Trap shooting is the third largest sport at Woodland High School, behind football and track, said volunteer coach Ben Musgrove, ...
compiled by Columbian staff in 1989
A pioneer businessman who helped Camas grow from a one-horse village to a modern city, Charles Farrell was typical of those men and women who put down deep roots and became ardent Clark County boosters.
The community of LaCamas, as it was first known, was just eight years old when Farrell, a man of 22, arrived in 1891. He first went to work for the fledgling paper mill, winding up as paymaster for the 60 men and 18 women then employed.
A Vancouver businessman, Glenn Ranck, had opened a store at the northeast corner of what is now Fourth and Birch in about 1888, and in 1903. Farrell and his wife, the former Rose Roffler, bought the business. Charles and Rose, along with Rose's sister, Anna Eddy, operated the store for more than six decades, under the name Farrell and Eddy.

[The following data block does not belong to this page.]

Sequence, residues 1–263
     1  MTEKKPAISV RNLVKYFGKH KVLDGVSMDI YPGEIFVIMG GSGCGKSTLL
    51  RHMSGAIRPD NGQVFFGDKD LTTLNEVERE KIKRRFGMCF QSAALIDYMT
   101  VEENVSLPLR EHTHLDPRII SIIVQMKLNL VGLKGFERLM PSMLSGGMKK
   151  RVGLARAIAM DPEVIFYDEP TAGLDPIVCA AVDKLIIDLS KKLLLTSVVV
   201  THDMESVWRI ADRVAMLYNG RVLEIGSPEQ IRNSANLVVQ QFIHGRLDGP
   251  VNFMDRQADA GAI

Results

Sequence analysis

Both Farrells and Anna Eddy were involved with the store until their mid-80s. The store, also known as the Fashionette, is owned by Glenn Farrell, the son of Charles and Rose.
Along with operating the store, which is believed to be the county's second oldest retail business, Charles was a longtime member of the Camas City Council. He died in 1967, 12 days before his 98th birthday.
Rose Farrell died in 1957 and Anna Eddy in 1972.